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I'm thinking about starting an Android application that I'd like to sell on the market, but I'd also like to release it as open source (leaning toward GPLv3, but that's not set in stone). In general, I think this will work fine, but I'm curious of one particular case.

Would an open source license like the GPLv3 allow for another party to take my Android app's source code, repackage it, and put it up on the Android market as a unique app? I know I would own the copyright, but I'm not entirely sure what that entails (like if they change the title, graphics, etc).

My ideal situation is to make a product that people can buy which compensates my time, yet have the source available to foster a community and allow personal tailored versions for those who see fit. This is generally ruined for me, however, if someone comes along and simply repackages my app and puts it on the market for free.

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closed as off topic by Bill the Lizard Mar 19 '12 at 15:14

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This probably belongs on programmers.stackexchange.com. –  Maxpm Mar 2 '11 at 3:34

3 Answers 3

up vote 2 down vote accepted

IANAL, but my understanding is that, yes, a third party can take your GPLv3 Android app, repackage it, and resell it exactly as you described. However, to comply with GPLv3, they would be required to release any changes they made as open source also licensed under GPLv3. Enforcing this is another matter, as Seva already indicated.

My suggestion is, if you want to produce an open source app, do so because you value participating in or creating a community effort. If you create great community, you will draw participants to your solution which should lead to a quality product. That should be more valuable to the market than someone else trying to milk the system by repackaging your code and trying to compete with you under a different name. But I wouldn't recommend trying to use an open source license to enforce your business model. It's not worth your effort to police it, and you'd rather have people participate because they get open source, not because they feel compelled.

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Excellent answer! You've really captured the essence of Open Source. You may even say it's inspired me. This certainly helps me hash out my options, thanks so much. –  Bret Kuhns Mar 5 '11 at 21:51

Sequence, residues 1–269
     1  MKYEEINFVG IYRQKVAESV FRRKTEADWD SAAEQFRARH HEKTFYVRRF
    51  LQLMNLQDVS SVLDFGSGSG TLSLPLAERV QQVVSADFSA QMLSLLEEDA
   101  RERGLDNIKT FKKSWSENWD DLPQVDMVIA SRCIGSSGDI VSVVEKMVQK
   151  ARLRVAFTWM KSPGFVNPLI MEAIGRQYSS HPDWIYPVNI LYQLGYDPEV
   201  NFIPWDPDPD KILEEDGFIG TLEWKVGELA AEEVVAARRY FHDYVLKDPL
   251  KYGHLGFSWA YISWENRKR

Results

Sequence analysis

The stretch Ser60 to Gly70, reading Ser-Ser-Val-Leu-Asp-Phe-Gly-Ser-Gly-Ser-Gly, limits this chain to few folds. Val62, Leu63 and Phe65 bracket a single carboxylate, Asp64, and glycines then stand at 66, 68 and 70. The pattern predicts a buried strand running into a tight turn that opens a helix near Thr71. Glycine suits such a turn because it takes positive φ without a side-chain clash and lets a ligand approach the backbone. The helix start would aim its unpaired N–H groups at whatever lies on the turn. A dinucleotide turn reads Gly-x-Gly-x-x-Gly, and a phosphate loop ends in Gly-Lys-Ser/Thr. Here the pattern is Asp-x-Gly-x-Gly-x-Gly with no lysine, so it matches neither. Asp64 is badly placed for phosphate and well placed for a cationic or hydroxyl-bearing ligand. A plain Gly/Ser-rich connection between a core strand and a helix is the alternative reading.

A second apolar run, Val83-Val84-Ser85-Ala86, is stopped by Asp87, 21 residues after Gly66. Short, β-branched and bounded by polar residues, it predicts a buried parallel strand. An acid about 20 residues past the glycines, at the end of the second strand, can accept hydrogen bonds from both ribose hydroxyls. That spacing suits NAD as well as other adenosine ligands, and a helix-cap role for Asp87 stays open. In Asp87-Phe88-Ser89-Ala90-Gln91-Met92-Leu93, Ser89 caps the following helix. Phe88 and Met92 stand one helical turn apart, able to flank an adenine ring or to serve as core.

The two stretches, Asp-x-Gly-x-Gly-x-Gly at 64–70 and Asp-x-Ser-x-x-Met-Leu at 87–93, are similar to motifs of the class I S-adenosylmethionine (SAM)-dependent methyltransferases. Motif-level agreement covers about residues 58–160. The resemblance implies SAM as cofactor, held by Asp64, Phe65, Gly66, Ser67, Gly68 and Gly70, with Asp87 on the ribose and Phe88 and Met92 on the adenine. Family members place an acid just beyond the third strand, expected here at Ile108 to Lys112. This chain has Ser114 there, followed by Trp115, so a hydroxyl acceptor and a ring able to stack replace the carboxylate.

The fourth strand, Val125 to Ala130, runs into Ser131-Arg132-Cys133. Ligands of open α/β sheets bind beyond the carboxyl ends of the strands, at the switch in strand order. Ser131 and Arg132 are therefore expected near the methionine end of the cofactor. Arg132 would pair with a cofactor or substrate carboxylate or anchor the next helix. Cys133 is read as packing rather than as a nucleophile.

Under GPL, you don't own the copyright. That's the whole point of GPL.

Yes, if it's open-source, they can take your sources, repackage and sell under a different name. Unless yours is a very famous product (think MySQL), no one will notice. Good luck in court, espec. if the pirates are in a different country.

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That's unfortunate. I did some more digging and realized I made the wrong assumption about copyright. Unfortunately it sounds like open sourcing this project isn't in my interest. Thanks for the advice. –  Bret Kuhns Mar 2 '11 at 15:03
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THIS IS UNTRUE. You do own the copyright to your source code. You are only licensing people to use it. –  edam Dec 18 '12 at 14:12
    
@edam: read up on copyleft. –  Seva Alekseyev Dec 18 '12 at 15:15
    
@Seva: You are wrong. From the page you linked to: "All these licenses are designed so that you can easily apply them to your own works, assuming you are the copyright holder." ALso, from the preamble of GPL itself (emphasis mine): "Developers that use the GNU GPL protect your rights with two steps: (1) assert copyright on the software, and (2) offer you this License giving you legal permission to copy, distribute and/or modify it." –  edam Dec 19 '12 at 9:50

If you want to make money off of it, then just create it and sell it. If your point is for someone to take it and improve it, then you won't be entitled to profit off of their work.

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